time management

The First 10 Minutes of Your Day

Ron Friedman on how to begin your day:

What’s the first thing you do when you arrive at your desk? For many of us, checking email or listening to voice mail is practically automatic. In many ways, these are among the worst ways to start a day. Both activities hijack our focus and put us in a reactive mode, where other people’s priorities take center stage. They are the equivalent of entering a kitchen and looking for a spill to clean or a pot to scrub.

A better approach is to begin your day with a brief planning session. An intellectual mise-en-place. Bourdain envisions the perfect execution before starting his dish. Here’s the corollary for the enterprising business professional. Ask yourself this question the moment you sit at your desk: The day is over and I am leaving the office with a tremendous sense of accomplishment. What have I achieved?

I've noticed recently that I allow urgent tasks and projects to dominate far too much of my time, distracting me from those things that are truly important.

For me, this is most often the result of a failure slow down and plan well. I can easily convince myself that there just isn't time to "waste" with a planning session—after all, I have things to do!

What usually follows is a day that looks much like a game of Whac–A–Mole, spent stamping out one urgent task after another while very little important work gets done.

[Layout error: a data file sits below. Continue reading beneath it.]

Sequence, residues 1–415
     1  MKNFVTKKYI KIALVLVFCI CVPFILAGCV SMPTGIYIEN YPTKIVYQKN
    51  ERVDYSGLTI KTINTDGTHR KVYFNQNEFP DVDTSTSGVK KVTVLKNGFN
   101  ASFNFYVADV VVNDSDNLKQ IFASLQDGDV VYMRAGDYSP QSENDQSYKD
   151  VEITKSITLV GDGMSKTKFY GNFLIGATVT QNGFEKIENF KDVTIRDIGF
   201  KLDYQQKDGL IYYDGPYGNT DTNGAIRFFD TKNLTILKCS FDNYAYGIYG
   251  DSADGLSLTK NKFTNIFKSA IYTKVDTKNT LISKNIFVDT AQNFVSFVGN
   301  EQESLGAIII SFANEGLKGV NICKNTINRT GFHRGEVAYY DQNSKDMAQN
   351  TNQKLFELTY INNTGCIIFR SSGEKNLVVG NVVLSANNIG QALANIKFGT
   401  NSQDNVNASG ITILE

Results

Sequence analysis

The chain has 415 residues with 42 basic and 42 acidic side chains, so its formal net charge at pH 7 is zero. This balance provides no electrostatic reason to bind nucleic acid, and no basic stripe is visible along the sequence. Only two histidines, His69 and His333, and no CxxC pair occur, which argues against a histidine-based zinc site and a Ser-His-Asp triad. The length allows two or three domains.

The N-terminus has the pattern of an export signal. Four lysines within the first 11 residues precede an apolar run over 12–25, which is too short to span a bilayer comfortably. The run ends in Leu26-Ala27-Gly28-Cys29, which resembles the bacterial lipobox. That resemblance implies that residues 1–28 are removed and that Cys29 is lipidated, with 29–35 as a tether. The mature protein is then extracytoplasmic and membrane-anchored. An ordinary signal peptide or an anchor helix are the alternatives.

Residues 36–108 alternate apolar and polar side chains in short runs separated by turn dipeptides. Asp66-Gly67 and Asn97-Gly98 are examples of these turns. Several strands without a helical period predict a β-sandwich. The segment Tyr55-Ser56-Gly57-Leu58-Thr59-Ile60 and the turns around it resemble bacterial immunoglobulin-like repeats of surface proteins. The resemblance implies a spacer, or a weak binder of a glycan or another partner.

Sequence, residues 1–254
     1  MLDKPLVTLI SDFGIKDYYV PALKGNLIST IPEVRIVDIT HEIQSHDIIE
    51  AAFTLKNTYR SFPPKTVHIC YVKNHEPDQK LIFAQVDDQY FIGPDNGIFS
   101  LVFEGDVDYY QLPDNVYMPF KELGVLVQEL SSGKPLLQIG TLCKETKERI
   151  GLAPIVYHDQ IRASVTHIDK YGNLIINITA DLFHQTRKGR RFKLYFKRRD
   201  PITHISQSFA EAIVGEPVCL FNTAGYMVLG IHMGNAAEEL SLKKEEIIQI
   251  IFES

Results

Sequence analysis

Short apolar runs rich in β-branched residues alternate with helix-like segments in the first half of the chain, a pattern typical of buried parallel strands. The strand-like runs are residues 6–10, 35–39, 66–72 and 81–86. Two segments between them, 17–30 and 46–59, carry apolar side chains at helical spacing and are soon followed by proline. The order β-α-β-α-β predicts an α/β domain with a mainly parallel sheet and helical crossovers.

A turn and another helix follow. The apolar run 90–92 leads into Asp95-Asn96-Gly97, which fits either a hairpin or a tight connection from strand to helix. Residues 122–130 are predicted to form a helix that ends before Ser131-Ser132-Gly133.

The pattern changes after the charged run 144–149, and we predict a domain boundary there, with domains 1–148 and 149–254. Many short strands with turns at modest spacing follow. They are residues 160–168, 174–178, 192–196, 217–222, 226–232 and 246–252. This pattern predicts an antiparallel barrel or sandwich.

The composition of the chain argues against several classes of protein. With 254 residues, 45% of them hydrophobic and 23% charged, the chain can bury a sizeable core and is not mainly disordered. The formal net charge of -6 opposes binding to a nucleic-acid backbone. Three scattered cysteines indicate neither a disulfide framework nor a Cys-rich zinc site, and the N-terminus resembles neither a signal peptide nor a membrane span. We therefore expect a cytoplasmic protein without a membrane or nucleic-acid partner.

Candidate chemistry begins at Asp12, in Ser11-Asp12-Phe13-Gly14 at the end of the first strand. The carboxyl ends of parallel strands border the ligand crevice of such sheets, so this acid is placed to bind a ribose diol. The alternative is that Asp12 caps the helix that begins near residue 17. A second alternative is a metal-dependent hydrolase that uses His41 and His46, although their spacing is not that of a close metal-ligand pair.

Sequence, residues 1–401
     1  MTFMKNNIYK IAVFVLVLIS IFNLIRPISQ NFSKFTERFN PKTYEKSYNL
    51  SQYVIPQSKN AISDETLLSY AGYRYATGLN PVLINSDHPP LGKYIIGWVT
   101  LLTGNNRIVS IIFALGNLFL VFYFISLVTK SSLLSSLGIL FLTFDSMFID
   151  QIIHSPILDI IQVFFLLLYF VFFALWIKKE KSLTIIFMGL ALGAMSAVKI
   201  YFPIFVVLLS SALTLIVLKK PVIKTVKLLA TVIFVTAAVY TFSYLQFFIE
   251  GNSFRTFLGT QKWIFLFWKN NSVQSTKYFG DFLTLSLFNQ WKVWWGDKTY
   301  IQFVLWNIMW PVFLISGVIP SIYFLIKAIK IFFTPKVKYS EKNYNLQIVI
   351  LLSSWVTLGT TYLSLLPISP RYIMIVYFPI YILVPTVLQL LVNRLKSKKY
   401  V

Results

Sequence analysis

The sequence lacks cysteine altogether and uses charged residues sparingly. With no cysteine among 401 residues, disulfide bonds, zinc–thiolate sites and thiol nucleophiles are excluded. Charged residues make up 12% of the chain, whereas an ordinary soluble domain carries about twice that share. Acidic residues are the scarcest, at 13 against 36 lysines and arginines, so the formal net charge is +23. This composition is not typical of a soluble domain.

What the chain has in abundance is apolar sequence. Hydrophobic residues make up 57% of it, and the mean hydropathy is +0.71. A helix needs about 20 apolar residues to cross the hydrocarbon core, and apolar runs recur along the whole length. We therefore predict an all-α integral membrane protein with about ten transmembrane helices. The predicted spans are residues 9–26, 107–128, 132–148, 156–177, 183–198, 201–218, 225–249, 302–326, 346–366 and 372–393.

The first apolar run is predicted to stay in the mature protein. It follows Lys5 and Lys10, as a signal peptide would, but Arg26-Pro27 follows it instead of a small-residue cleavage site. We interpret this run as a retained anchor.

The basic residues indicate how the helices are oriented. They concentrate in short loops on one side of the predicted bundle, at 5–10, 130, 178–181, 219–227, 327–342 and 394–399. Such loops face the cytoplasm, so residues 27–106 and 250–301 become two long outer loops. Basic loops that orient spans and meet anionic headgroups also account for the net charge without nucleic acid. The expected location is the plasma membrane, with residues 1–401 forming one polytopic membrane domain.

Of course, the temptation to fall into this trap is the strongest when you are the busiest. As it turns out, the busier you are the more important it is to spend time planning your days and weeks.

So, tomorrow, begin your day by creating a plan, do some work that truly matters, and stop swinging that mallet at every urgent task that pops up.

A Simple Guide to Saying No

Telling people NO can be difficult and uncomfortable. Julie Zhuo's lays out her simple strategy for doing it well:

  1. Be honest and direct. A no is a no, and that should be communicated in the first or second sentence and not something that needs to be read between the lines.
  2. Talk about what you are prioritizing instead. It doesn’t have to be detailed, but it should be true. Few things are ever no in a vacuum, so it tends to be about the tradeoffs, and people get that.
  3. If you’re even the slightest bit interested in the opportunity but can’t pursue it at the moment, mention that the no is for right now. In the future, who knows? Don’t prematurely rule out possibilities if you think things might change.


© 2019 Adam Stahr ¯\_(ツ)_/¯